Successful confirmation of hedonic hot spots in the OFC or insula would be important and possibly relevant to the orbitofrontal mid-anterior site mentioned earlier that especially tracks the subjective pleasure of foods in humans Georgiadis et al. A brainstem mechanism for pleasure may seem more surprising than forebrain hot spots to anyone who views the brainstem as merely reflexive, but the pontine parabrachial nucleus contributes to taste, pain, and many visceral sensations from the body and has also been suggested to play an important role in motivation Wu et al.

Medical News Today. Retrieved 14 November Social Cognitive and Affective Neuroscience. An Introduction to Brain and Behavior 1st ed. New York: Worth. These glutamatergic inputs make contact on the heads of dendritic spines of the striatal GABAergic medium spiny projection neurons MSNs whereas dopaminergic inputs synapse onto the spine neck, allowing for an important and complex interaction between these two inputs in modulation of MSN activity It should also be noted that there is a small population of neurons in the [nucleus accumbens] NAc that coexpress both D1 and D2 receptors, though this is largely restricted to the NAc shell Bertran- Gonzalez et al.

Neurons in the NAc core and NAc shell subdivisions also differ functionally. The NAc core is involved in the processing of conditioned stimuli whereas the NAc shell is more important in the processing of unconditioned stimuli; Classically, these two striatal MSN populations are thought to have opposing effects on basal ganglia output.

These findings suggest that iMSNs can bidirectionally modulate drug reward. Together these data suggest that iMSNs normally act to restrain drug-taking behavior and recruitment of these neurons may in fact be protective against the development of compulsive drug use. Subst Abuse Rehabil. Regions of the basal ganglia, which include the dorsal and ventral striatum, internal and external segments of the globus pallidus, subthalamic nucleus, and dopaminergic cell bodies in the substantia nigra, are highly implicated not only in fine motor control but also in [prefrontal cortex] PFC function.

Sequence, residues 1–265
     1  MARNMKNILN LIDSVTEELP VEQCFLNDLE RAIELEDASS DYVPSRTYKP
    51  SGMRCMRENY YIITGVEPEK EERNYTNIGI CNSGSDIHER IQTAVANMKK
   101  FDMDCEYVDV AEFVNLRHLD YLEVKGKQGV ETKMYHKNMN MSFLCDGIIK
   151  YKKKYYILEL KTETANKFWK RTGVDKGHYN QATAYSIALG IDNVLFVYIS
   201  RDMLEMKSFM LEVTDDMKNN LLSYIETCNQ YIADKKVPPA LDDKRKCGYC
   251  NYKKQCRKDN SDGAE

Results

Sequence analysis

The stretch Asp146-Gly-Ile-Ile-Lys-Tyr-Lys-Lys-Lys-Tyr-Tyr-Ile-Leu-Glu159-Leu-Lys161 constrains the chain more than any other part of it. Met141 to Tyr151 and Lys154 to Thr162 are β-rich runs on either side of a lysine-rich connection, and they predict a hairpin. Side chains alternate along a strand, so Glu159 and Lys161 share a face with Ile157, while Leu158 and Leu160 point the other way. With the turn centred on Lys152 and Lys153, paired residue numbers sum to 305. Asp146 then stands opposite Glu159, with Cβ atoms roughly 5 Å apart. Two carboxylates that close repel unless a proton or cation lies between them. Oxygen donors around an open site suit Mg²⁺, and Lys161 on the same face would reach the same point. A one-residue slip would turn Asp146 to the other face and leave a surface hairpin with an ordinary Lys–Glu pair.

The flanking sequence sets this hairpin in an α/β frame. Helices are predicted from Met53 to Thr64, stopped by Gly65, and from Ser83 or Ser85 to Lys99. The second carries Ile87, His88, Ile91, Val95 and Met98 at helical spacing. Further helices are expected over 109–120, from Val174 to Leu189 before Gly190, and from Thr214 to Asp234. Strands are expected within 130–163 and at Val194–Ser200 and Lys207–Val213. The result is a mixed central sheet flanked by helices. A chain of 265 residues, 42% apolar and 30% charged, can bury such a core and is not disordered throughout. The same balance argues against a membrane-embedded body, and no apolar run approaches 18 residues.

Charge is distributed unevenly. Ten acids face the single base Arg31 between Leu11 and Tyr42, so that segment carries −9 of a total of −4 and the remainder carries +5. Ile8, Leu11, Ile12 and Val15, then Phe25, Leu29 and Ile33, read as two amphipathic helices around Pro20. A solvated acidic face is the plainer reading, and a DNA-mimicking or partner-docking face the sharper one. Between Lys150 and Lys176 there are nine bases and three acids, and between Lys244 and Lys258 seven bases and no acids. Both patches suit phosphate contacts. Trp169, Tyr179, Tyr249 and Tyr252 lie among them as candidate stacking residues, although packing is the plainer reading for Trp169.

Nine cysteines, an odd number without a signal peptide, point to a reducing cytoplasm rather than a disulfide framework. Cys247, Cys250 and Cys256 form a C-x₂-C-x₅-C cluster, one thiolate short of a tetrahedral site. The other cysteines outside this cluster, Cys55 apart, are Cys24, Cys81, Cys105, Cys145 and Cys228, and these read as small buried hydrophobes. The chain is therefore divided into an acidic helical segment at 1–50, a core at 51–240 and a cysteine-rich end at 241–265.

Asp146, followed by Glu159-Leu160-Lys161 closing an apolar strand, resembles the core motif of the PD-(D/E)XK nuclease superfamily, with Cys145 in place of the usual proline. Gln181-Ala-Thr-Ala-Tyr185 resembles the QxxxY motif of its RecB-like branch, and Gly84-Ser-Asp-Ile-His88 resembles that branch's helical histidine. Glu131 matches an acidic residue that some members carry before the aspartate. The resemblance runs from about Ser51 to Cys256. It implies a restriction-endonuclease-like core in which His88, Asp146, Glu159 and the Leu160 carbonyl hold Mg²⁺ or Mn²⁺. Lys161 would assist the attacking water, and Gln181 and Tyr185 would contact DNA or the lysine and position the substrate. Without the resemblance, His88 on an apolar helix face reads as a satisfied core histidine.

Thus, only a brief description of the modulatory role of the basal ganglia in addiction-relevant circuits will be mentioned here. The overall output of the basal ganglia is predominantly via the thalamus, which then projects back to the PFC to form cortico-striatal-thalamo-cortical CSTC loops. Three CSTC loops are proposed to modulate executive function, action selection, and behavioral inhibition. In the dorsolateral prefrontal circuit, the basal ganglia primarily modulate the identification and selection of goals, including rewards.

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Studies have shown that cravings are underpinned by activation of the reward and motivation circuits McBride et al. According to these authors, the main neural structures involved are: the nucleus accumbens, dorsal striatum, orbitofrontal cortex, anterior cingulate cortex, dorsolateral prefrontal cortex DLPFC , amygdala, hippocampus and insula. Sydor A, Brown RY eds. The neural substrates that underlie the perception of reward and the phenomenon of positive reinforcement are a set of interconnected forebrain structures called brain reward pathways; these include the nucleus accumbens NAc; the major component of the ventral striatum , the basal forebrain components of which have been termed the extended amygdala, as discussed later in this chapter , hippocampus, hypothalamus, and frontal regions of cerebral cortex.

These structures receive rich dopaminergic innervation from the ventral tegmental area VTA of the midbrain. Addictive drugs are rewarding and reinforcing because they act in brain reward pathways to enhance either dopamine release or the effects of dopamine in the NAc or related structures, or because they produce effects similar to dopamine. A macrostructure postulated to integrate many of the functions of this circuit is described by some investigators as the extended amygdala.

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The extended amygdala is said to comprise several basal forebrain structures that share similar morphology, immunocytochemical features, and connectivity and that are well suited to mediating aspects of reward function; these include the bed nucleus of the stria terminalis, the central medial amygdala, the shell of the NAc, and the sublenticular substantia innominata. Figure 3: Neural circuits underlying motivated 'wanting' and hedonic 'liking'.